Within the report, the LCBO defends its practices claiming that other Canadian jurisdictions also use the fixed mark-up model and that it provides a balance between "generating revenue, promoting social responsibility and providing customers with selection and value at all price points." The report also concedes that the LCBO has been "successful in consistently generating increased profits for the province year after year."


That's quite a feat when you're the only player in the market and you're continually asking your suppliers if they'd like to sell you the product for a little bit more than last time...


But, there's one more arrow in the LCBO pricing administration's quiver: the snob appeal of "premiumization."


In keeping with its mandate to encourage responsible drinking, "premiumization" aims to generate more revenue without increasing the amount of alcohol consumed in the province by encouraging consumers to buy more premium-priced products and by increasing the number and variety of products offered at higher prices. Working with its suppliers in the name of social responsibility to keep prices artificially high while showcasing products through the glossy and seductive Food & Drink magazine and the decidedly "insider" angle of the Vintages Magazine; the LCBO has effectively given suppliers a free pass to "upscale" their brand at the expense of the consumer. As suppliers have more control over pricing than consumers, the market reacts the only way it can: by hoarding product.


In short, the Ontario consumer is over a barrel. If consumers refuse to buy a product in protest of its price there are few avenues for them to obtain it due to the LCBO's monopoly on alcohol sales. Their options are to travel directly to the manufacturer and purchase a bottle (which may only be feasible if the producer is Canadian and within the province), order it through the LCBO in which case they are subject to minimum orders and additional fees, arrange a clandestine import and risk imprisonment, or simply go without.


Moreover, if a product is successful at its current price range consumers are rewarded for their purchases with a pricing structure that guarantees that the price will creep ever higher thanks to the LCBO's guaranteed annual adjustment in the minimum retail price, the "backward" pricing scheme and the "premiumization" strategy.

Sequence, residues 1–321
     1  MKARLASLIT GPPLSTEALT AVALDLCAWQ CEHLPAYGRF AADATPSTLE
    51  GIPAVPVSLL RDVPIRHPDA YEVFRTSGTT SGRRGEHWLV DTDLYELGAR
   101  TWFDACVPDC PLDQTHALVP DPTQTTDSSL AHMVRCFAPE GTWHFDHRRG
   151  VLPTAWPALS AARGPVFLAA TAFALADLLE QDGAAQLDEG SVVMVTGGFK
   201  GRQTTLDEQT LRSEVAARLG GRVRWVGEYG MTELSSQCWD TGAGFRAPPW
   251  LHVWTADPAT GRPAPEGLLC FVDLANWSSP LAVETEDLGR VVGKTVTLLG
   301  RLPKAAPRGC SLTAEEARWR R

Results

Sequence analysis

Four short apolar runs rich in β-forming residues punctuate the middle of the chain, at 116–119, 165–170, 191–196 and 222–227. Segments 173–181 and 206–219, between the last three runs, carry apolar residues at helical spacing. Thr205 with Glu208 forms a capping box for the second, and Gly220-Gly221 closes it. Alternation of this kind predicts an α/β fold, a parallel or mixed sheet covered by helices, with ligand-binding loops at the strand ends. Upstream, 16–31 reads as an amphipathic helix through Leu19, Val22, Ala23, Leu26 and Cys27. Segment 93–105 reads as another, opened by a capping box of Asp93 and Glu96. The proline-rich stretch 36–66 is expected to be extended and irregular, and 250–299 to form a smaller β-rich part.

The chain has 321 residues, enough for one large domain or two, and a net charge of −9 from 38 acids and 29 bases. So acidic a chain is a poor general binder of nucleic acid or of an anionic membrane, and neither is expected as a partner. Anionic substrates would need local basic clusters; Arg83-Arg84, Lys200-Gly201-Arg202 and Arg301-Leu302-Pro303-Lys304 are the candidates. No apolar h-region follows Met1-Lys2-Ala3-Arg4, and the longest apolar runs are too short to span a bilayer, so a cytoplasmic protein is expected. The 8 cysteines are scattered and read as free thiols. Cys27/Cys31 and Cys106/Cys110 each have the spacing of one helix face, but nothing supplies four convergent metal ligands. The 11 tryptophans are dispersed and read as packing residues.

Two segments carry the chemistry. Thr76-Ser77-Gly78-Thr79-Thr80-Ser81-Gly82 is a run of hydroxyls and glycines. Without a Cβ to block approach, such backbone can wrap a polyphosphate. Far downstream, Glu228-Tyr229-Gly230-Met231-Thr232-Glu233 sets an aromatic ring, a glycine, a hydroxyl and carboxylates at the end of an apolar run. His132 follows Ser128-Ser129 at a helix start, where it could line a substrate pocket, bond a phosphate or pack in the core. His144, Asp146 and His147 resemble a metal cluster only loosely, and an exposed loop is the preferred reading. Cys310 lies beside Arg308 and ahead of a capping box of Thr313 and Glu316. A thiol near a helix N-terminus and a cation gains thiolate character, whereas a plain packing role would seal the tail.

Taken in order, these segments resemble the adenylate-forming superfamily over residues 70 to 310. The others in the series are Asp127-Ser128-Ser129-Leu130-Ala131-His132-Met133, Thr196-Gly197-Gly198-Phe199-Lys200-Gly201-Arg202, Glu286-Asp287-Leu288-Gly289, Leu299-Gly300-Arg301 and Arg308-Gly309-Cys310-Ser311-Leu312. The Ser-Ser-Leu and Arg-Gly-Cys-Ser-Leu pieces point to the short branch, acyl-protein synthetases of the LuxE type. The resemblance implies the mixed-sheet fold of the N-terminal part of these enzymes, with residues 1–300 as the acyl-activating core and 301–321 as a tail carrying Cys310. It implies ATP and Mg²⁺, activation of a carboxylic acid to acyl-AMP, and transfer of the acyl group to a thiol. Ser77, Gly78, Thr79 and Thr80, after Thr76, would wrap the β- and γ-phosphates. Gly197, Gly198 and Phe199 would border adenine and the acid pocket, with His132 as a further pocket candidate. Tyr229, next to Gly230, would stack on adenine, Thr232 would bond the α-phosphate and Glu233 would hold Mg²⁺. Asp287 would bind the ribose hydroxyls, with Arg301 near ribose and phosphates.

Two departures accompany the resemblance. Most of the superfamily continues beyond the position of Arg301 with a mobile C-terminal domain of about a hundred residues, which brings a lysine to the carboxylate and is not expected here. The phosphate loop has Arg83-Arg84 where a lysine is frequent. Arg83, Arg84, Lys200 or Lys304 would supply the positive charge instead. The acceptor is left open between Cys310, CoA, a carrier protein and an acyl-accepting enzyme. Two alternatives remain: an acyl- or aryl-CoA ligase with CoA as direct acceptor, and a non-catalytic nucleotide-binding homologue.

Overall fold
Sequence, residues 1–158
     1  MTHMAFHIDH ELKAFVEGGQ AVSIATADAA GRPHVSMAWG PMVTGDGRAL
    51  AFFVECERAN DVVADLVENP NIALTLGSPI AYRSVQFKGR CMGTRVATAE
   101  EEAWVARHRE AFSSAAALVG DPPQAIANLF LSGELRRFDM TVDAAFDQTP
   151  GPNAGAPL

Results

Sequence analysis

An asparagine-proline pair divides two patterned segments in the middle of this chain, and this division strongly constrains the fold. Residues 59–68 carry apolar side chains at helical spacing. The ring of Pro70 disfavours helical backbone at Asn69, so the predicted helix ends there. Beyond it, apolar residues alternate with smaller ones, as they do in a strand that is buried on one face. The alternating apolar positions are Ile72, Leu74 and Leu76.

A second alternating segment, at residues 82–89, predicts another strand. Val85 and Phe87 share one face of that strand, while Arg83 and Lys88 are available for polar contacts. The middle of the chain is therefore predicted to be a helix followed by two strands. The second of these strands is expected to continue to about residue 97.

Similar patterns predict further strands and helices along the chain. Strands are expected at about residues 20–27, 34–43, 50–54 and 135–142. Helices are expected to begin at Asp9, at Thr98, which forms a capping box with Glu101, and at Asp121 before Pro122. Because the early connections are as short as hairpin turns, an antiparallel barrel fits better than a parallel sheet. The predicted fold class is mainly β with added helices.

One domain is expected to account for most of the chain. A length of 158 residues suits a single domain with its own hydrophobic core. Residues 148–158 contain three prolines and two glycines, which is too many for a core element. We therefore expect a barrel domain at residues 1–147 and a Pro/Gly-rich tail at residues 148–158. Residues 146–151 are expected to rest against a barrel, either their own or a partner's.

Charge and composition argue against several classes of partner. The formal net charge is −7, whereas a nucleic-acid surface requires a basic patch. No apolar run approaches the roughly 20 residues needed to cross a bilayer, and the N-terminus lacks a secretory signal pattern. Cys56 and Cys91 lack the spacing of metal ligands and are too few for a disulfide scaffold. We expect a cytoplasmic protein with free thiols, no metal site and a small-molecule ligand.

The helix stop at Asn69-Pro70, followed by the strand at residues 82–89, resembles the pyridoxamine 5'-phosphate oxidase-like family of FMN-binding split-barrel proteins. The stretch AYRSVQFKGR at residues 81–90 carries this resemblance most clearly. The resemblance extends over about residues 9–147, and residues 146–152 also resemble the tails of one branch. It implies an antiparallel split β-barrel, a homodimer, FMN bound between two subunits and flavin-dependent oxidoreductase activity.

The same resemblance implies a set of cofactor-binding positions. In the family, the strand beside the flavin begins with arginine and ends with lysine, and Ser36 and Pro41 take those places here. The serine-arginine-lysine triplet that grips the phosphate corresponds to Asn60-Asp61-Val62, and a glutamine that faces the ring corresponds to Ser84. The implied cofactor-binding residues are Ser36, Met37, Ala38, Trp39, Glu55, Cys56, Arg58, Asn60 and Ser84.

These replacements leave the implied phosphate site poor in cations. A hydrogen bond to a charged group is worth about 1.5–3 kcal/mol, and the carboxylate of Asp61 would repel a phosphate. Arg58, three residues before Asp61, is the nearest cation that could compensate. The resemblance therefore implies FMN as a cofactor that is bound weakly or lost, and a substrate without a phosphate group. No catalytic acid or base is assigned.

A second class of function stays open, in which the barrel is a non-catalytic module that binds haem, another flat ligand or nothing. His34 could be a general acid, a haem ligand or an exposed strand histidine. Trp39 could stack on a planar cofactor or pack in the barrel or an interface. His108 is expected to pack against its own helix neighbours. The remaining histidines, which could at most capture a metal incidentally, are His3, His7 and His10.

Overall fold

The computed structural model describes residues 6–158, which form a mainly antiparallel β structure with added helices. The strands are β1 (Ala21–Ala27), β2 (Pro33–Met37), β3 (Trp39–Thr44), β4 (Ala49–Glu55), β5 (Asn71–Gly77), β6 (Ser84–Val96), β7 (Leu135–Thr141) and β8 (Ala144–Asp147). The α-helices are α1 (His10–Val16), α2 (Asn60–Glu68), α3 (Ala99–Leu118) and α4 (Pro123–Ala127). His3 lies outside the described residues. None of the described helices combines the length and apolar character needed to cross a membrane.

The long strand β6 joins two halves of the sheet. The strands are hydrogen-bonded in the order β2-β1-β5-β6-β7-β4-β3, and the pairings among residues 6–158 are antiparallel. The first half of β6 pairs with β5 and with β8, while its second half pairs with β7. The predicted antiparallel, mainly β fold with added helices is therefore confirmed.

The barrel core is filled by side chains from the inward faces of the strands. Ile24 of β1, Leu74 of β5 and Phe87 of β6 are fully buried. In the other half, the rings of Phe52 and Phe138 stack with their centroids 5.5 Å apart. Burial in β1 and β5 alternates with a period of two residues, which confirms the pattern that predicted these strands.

While this latest increase appears to be "peanuts" who knows what other fees, adjustments, and taxes we'll be forced to pay for alcohol under the banner of social responsibility?

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Thanks to Jeremiah Lapointe for his assistance in re-purposing this image obtained from Wikimedia Commons which is reproduced here in a modified form and is free from copyright restrictions.

2 Comments

Well written. I'm surprised more people aren't up in arms about the LCBO's absurd pricing, particularly on Scotch Single Malt whiskies and fine rums. Many products were marked up by more than $30 overnight for no good reason, while the cheaper brands that college students use to get drunk were hardly touched. If the LCBO simply raised the price of all top-selling low cost spirits (i.e Bacardi, Jim Beam, Absolut, etc) by a few dollars, they would generate even more revenue than they do by massively marking up single malts which most people drink responsibly. The current model rewards binge drinkers and frowns on hobbyists who truly enjoy drinking high quality whiskies, rums and tequila's in responsible quantities.

I completely agree with you, Noah. Even the lower end Single Malt Scotches have gone up an incredible amount (A bottle of Glenfiddich 12 YO used to be $42 about 2 years ago, it's now $53. That said, the 15 and 18 YO has also gone up about $10 in the same timeframe). Their profit margins would be a lot wider if they targeted the cheap liquor that appeals to binge drinking for their continual price hiking instead of the premium liquors with already premium prices.

Really makes you wonder how much they care about the social responsibility aspect that's said to be part of the reason for the price increases(though it should be quite obvious that the government isn't interested in efficiently turning a profit).